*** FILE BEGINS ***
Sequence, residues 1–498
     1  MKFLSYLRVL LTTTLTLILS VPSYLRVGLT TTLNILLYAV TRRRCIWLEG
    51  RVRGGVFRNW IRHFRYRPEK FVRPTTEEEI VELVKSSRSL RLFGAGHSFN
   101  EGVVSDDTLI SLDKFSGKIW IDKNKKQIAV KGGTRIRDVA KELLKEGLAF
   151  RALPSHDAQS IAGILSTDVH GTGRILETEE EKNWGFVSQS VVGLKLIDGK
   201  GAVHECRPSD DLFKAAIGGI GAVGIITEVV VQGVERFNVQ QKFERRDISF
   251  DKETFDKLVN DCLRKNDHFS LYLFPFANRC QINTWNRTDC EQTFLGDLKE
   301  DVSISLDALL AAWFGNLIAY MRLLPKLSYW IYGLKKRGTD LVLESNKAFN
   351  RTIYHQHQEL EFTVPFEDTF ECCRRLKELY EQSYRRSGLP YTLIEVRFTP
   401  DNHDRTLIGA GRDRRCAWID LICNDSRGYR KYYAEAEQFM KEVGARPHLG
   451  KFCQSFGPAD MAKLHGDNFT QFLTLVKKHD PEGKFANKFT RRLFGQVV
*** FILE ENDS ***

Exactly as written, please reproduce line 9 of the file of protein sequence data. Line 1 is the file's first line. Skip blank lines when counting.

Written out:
   351  RTIYHQHQEL EFTVPFEDTF ECCRRLKELY EQSYRRSGLP YTLIEVRFTP